Why the IRS Says Your Information Doesn’t Match [2024] 

Why the IRS Says Your Information Doesn’t Match [2024] 
Updated on April 9, 2024

If you’ve received a notification from the IRS saying your tax return doesn’t match their records, you’re probably wondering what went wrong—and how you can fix it. Here’s what you need to know. 

Key Takeaways

  •  IRS mismatches often occur due to discrepancies between your tax return and IRS records, potentially caused by outdated personal information, transcription errors, or third-party mistakes. 
  • Resolving a mismatch requires reviewing your information, correcting any mistakes, and possibly filing an amended return. 
  • By carefully reviewing your tax forms and keeping your IRS information up to date, you can avoid future discrepancies. 

What It Means When the IRS Says Your Information Doesn’t Match Their Records 

When you file your taxes, the IRS will compare the information you provide with their records. If your return doesn’t match the details they have on hand, they will send you a notice informing you that there’s a discrepancy. This may be due to outdated records, a transcription error, or a deeper problem. 

Preparation is key.

Dreading the last minute scramble pulling together your tax documents? Despair no more! This simple checklist lists the documents you need to have on hand when preparing to file.

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Common Causes of Mismatched Information Explained 

Outdated Records 

If you’ve changed your personal information without notifying the IRS, it may trigger a mismatch. For example, if you moved to a new home, the IRS may still have your old address on file. When you submit a return with your new address, the IRS will want to know why the information doesn’t match their records. The same thing could happen if you’ve changed your name. You can update your address on IRS form 8822. The name on your tax return must match what the Social Security Administration has on file for you. If your name changed, but you haven’t gotten a new Social Security card to reflect this, you’ll generally have to continue filing using your previous name. 

Transcription Errors 

Another reason your IRS information may not match is simple human error. A mathematical mistake or typo on your return could create problems when processing your information. Alternatively, the IRS may have entered your information incorrectly themselves. Either way, this discrepancy will likely trigger a notice.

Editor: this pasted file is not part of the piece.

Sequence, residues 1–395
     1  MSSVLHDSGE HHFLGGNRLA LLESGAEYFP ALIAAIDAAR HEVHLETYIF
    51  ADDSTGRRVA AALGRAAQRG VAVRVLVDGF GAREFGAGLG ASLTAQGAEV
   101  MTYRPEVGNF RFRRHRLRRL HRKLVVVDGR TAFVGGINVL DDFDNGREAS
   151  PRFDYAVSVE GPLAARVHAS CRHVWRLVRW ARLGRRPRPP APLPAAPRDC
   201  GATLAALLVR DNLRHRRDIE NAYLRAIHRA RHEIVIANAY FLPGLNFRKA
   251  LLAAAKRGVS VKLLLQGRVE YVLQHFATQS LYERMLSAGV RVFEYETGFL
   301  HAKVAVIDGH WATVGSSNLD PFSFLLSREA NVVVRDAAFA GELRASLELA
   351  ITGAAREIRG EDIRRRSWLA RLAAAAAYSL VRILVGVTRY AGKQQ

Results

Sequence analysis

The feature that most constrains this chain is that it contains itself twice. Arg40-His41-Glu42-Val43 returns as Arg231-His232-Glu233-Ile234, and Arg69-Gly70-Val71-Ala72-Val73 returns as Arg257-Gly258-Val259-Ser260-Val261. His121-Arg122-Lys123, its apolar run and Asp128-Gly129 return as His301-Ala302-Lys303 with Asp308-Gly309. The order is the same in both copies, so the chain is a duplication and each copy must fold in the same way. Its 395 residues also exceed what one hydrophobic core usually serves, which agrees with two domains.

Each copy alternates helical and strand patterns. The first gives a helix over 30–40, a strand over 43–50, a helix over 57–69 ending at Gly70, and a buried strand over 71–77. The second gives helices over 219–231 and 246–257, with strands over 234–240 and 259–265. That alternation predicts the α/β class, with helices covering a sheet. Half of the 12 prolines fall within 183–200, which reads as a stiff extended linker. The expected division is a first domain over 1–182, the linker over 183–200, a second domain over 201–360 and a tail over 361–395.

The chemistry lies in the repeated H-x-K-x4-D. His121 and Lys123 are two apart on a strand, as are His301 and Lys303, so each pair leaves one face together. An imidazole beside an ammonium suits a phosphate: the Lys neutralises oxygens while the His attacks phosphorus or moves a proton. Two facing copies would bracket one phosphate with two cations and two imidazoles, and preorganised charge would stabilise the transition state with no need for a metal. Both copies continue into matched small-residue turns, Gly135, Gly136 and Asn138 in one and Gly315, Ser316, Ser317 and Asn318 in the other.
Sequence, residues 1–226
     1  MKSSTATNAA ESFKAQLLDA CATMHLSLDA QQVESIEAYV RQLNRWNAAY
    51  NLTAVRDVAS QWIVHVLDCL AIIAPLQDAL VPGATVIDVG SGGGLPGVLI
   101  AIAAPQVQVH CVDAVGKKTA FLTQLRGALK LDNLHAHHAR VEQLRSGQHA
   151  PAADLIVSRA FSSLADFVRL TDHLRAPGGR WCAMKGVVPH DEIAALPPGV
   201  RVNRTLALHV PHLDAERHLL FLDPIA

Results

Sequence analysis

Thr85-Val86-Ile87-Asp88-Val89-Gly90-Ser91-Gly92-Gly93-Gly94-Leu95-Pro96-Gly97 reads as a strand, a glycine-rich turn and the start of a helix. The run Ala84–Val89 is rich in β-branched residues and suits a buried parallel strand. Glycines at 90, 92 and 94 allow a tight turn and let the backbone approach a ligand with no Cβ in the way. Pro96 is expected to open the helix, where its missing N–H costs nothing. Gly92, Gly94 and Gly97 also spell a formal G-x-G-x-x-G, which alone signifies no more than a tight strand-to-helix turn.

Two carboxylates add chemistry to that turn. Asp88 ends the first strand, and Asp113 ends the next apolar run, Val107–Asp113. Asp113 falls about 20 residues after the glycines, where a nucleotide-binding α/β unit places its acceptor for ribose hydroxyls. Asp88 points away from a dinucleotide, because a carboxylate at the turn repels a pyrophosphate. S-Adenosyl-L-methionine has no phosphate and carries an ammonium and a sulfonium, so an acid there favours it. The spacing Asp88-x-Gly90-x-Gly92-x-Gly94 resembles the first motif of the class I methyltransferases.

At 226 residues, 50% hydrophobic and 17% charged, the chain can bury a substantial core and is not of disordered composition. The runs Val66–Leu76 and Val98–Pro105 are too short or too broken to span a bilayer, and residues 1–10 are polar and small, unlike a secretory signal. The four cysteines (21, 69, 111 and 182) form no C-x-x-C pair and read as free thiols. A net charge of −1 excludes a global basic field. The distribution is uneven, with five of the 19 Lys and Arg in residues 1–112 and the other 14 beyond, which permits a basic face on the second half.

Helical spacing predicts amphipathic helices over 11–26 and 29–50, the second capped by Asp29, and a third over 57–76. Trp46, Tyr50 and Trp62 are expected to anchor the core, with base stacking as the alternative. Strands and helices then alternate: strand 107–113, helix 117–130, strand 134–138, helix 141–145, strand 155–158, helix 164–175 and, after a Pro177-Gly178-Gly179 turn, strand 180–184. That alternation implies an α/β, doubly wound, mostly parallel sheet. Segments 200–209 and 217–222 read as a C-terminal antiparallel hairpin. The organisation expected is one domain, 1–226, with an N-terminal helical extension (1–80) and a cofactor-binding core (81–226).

Third-Party Tax Discrepancies 

A third party may be responsible for your IRS information not matching. That third party may have submitted a W-2 or 1099 that conflicts with the details on your return. Other common forms that result in discrepancies are forms 1099-B for income from brokerage accounts, forms 1099-R for distribution from retirement accounts or pensions, and forms K-1 for a partnership investment. It’s also possible that the third party later needed to make a correction to one of these tax forms and you never received the new form. Whatever the cause may be, the IRS will want to know why the information doesn’t align. 

Identity Theft 

In rare cases, someone stealing your identity could result in a mismatch notice from the IRS. For example, if someone used your Social Security number to file a tax form in order to obtain a refund fraudulently, the IRS system could flag it for not matching the information you provided on your return. They might also issue you a 6-digit Identity Protection Personal Identification Number, or IP PIN, each year. This number will need to be entered on your return in order for it to be electronically filed. 

What to Do When Your Information Doesn’t Match IRS Records 

Once you’ve received a notice informing you that your IRS information doesn’t match, there are a few steps you may need to take to resolve the issue. 

Review and Correct Your Information 

Review the IRS notice and compare it with your own records. Examine recent tax returns, W-2s, 1099s, and any other relevant financial documents. If you find any discrepancies, correct them. This may mean updating your personal details with the IRS, such as your name, address, or Social Security number. 

File an Amended Return